GDR gymnast Matthias Brehme (1943-) won five medals at Olympics, World Championships and European Championships, but he won also ten national titles. At the 1968 Olympics in Mexico and the 1972 Olympics in Munich, he was captain of the bronze medal team. The same medal was also reserved for the GDR at the 1966 and 1970 World Cups in Dortmund and Ljubljana. He also won the individual silver medal on the pommel horse at the 1971 European Championship. He graduated in Leipzig and specialized in Neurology and Psychiatry. After the fall of the wall he started a practice in his hometown Markleberg.
Gisela Engelhardt-Weiß (1943-) swam the 400m freestyle at the 1960 Olympics in Rome and won the bronze medal with the GDR relay team 4 x 100m freestyle. Trained by Dutchman Johann van Hemsbergen, she improved five times the national record 400m freestyle . Her 5.01.5 figured at the charts until 1963. The same year she stopped her swimming competition and started studying Medicine. She specialized in sports medicine and guided the Kinder- und Jugendsportschule from Leipzig until the fall of the wall. Afterwarts she started her own rehabilitation clinic.
Csaba Fenyvesi (1943-2015) was three times Olympic champion. At the 1968 Olympics in Mexico he won the gold medal with the Hungarian epee team. That victory was repeated four years later in Munich, but Fenyvesi also added the individual title epee. In 1970, 1971 and 1978 he became world champion with the Hungarian team. He graduated in 1968 and specialized in Surgery. He started his career in the clinic of the Hungarian Railways, but in 1974 he became oncological surgeon and adjunct Professor.
Mária Frank (1943-1992) won the bronze medal with the Hungarian relay team 4 x 100m freestyle medal at the 1962 European Championships in Leipzig. At the 1960 Olympics in Rome, the quartet finished fourth and 16-year-old Frank was eliminated in the 400m freestyle series. She graduated as a medical doctor and became a respected pediatrician.
Gail Hopkins (1943-) played more than one hundred games as first baseman and catcher with the Edmonton Oilers, the Chicago White Sox, the Kansas City Royals and the Los Angeles Dodgers in the American Major League Baseball. He then moved to Japan where he played for the Hiroshima Toyo Carp and the Nankai Hawks. He graduated from Rush Medical College and specialized in Orthopedic Surgery at the Loyola University Medical Center in Maywood, Illinois. First he opened a practice in Lodi, California, then he moved to Hinsdale, Illinois and Parkersburg, West Virginia.
Gerd Loßdörfer (1943-) was German champion 400m hurdles in 1966. He won the silver medal at the 1966 European Championships in Budapest. He graduated in Freiburg and specialized in Orthopedic Surgery and Sports Medicine in Heidelberg. He served as an orthopedic surgeon in Mannheim and became the team physician of football club SV Waldhof Mannheim, who played in the Bundesliga from 1983 to 1990.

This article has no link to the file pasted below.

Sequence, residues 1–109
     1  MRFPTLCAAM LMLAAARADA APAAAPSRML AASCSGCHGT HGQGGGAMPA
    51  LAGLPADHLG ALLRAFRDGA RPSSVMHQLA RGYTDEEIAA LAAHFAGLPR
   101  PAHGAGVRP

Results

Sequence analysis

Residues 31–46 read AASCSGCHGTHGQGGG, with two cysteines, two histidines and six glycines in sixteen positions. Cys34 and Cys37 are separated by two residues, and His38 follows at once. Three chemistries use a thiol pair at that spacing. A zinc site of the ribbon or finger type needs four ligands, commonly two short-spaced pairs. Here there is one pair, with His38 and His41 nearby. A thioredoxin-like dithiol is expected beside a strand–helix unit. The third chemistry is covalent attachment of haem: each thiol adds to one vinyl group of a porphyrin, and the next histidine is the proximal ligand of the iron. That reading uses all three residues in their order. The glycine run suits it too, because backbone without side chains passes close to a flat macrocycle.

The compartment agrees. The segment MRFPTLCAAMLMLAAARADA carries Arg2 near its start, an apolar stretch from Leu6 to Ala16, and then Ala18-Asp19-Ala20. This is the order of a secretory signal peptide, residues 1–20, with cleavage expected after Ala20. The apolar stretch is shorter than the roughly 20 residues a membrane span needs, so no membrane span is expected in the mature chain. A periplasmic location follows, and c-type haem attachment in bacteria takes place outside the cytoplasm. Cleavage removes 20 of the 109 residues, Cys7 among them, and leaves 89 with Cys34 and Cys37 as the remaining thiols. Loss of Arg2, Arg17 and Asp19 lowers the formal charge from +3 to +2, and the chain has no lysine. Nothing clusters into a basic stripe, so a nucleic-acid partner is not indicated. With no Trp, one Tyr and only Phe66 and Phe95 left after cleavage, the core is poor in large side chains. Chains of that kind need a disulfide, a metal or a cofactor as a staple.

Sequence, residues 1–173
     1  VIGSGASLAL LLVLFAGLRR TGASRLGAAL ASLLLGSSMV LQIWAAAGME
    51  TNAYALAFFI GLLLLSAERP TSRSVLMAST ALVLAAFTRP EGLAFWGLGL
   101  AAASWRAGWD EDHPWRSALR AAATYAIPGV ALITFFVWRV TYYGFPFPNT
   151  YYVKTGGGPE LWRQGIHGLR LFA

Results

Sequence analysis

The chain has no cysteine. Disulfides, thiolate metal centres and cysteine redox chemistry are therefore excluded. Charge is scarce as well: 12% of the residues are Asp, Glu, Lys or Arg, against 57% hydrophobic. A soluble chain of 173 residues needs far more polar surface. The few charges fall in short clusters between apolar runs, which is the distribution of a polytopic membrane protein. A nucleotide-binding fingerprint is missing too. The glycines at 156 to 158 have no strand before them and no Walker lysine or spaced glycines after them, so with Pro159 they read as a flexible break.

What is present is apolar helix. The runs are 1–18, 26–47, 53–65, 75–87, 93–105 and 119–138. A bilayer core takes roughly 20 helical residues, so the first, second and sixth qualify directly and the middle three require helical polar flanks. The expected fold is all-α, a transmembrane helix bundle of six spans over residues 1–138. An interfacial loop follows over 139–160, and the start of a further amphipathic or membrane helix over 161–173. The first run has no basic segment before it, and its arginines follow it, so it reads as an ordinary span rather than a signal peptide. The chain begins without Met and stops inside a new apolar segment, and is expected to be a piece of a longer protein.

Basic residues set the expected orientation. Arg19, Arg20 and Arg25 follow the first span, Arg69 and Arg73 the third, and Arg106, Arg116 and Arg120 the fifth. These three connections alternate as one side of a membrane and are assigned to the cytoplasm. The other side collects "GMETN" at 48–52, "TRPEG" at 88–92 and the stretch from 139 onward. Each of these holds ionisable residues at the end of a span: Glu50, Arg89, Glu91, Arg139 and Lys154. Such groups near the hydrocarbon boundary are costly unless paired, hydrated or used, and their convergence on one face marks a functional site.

Water polo player Wim Mosterd (1943-), was one of the Dutch athletes who, by a decision of the NOC, were obligated to stay home of the 1956 Olympics in Melbourne, where the Dutch team had good medal chances. The reason for the Dutch boycott was the Soviet Union invasion in Hungary. Mustard was training in Vlaardingen with his team at the beginning of November. At that time there were no covered 50m pools and therefore water polo was only played in summer. In order to be able to prepare for the Games, the outdoor pool was heated with a steam locomotive. Later he went five more times to Olympics. He was a member of the medical staff of the Dutch team at the 1964 and 1968 Olympics in Tokyo and Mexico. Between 1988 and 1996 he was a member of the medical committee of the international swimming federation FINA. He graduated as a medical doctor, specialized in Cardiology and became the team physician of the Dutch football Association, where he supervised Johan Cruijff (1947-2016) among others. In 1988 he became the first professor Clinical Sports Medicine.
In 1962 and 1964 Heinz-Ulrich Walther (1943-) became GDR figure skating champion with his former partner Brigitte Wokoeck (1946-). After the 1964 Winter Olympics. in Innsbruck, their roads separated, Walther continued to skate with Heidemarie Steiner (1944-), with whom he won the East German championship in 1966, 1967, 1969 and 1970. At the 1967, 1968 and 1970 European Championshipss the duo won the bronze medal and the same medal at the 1970 World Championships in Ljubljana. At the 1968 Olympics in Grenoble they finished fourth and in 1969 they married. Walther graduated from the Charité Universität in Berlin and specialized in Orthopedic Surgery.